In a campaign speech in Nevada on Wednesday, Donald Trump threatened to sue someone over an ad he did not like—just who that person or organization is remains unclear at the moment:
"I saw today—I left the room and I saw a commercial where it was really a nasty commercial, totally made up about me with vets. There is nobody that loves the vets more or respects the vets more," Trump said. "They're spending hundreds of millions of dollars on false commercials and it's a disgrace. So what we'll do—I guess we'll sue them. Let's sue them. Right? Let's sue them."
Trump is a petulant child and suing, or threatening to sue, is how he throws a tantrum. The sheer number of times during the course of his campaign that he has threaten to sue, or sued, in an attempt to shut down criticism is staggering.
This past Saturday he threatened to sue The New York Times after the paper published three pages from his 1995 tax returns showing he claimed a net operating loss of nearly $1 billion that year.
Two weeks earlier, Trump claimed on Twitter, “My lawyers want to sue the failing @nytimes so badly for irresponsible intent. I said no (for now), but they are watching. Really disgusting.”
In April, Trump called Pulitzer Prize winning tax reporter David Kay Johnson at home threatening to sue the journalist if he didn’t like his reporting.
In July 2015, Trump threatened to sue the National Hispanic Media Coalition for calling his campaign announcement a “bigoted, racist, anti-Latino rant.” This was two weeks after the GOP nominee sued Univision for dropping its broadcasts of his Miss USA and Miss Universe pageants. (This suit was ultimately settled.)
A few weeks later, Trump’s lawyer, Donald Cohen, threaten to sue The Daily Beast if it published a story stating that “his ex-wife Ivana Trump once used ‘rape’ to describe an incident between them in 1989.” The was after Trump’s lawyer wrongly claimed that “you cannot rape your spouse. And there’s very clear case law.”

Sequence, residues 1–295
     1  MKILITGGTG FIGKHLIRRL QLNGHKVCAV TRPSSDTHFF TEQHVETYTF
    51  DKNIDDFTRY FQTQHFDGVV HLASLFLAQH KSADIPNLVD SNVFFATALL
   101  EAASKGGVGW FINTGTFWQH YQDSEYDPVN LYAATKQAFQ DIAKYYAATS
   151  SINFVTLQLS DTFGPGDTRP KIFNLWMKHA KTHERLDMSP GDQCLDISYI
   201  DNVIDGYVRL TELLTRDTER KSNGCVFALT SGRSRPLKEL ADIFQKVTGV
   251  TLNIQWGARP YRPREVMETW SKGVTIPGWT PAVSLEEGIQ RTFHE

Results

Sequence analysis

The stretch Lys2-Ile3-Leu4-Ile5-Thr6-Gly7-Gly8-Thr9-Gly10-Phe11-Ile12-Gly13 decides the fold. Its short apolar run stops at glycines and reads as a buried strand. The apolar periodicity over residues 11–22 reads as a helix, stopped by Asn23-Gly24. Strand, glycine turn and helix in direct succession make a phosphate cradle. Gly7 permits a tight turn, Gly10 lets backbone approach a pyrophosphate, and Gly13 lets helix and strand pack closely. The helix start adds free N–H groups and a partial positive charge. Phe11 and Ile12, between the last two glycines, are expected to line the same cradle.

Prior to launching his campaign, in April 2015, Trump tweeted that suing Rolling Stone and Huffington Post was a way to “put them out of business.”
The daily grind of a presidential campaign has not halted Trump’s threats.
In February, he threatened to sue Ted Cruz if his main competition for the GOP nomination didn’t “clean up his act, stop cheating, & doing negative ads.” He went on to claim, “I have standing to sue him for not being a natural born citizen.”
A few weeks later, he made an explicit threat to, if elected, change longstanding libel laws to enable him to sue the Washington Post and The New York Times, telling his audience at a rally:
I have respect for Jeff Bezos, but he bought the Washington Post to have political influence and I got to tell you, we have a different country than we used to have. We have a different—He owns Amazon. He wants political influence so that Amazon will benefit from it. That's not right. And believe me, if I become president, oh, do they have problems. They're going to have such problems. And one of the things I'm going to do, and this is only going to make it tougher for me, and I've never said this before, but one of the things I'm going to do if I win—and I hope I do and we're certainly leading—is I'm going to open up our libel laws so when they write purposely negative and horrible and false articles, we can sue them and win lots of money. So that when The New York Times writes a hit piece, which is a total disgrace, or when the Washington Post, which is there for other reasons, writes a hit piece, we can sue them and win money instead of having no chance of winning because they're totally protected.
He even threatened Washington Post reporters during an interview with the paper in May 2016, telling them, “I will be bringing more libel suits as people—maybe against you folks. I don’t want to threaten, but I find that the press is unbelievably dishonest.”
He also threatened the Washington Post during a January interview about the failure of the Taj Mahal casino in Atlantic City. “If you write this one, I’m suing you,” he told the paper.
The Washington Post was not Trump’s only target. In April, the Post’s Erik Wemple reported that the GOP candidate had threatened to sue the Associated Press. “Trump threatened to sue the Associated Press over an October 2015 article about a movement by the directors of the Trump Ocean Club in Panama City to oust a management team installed by the Trump family,” he wrote.
The Columbia Journalism Review has detailed even more examples of Trump’s threats of litigation against journalists.
This would be just another story about a billionaire abusing the court system to bully others into silence, if the billionaire in question was not attempting to occupy an office that gives him the power to appoint judges who could fundamentally shift the definition of the First Amendment, which is the critical protection against his attempts to stifle speech he doesn’t like.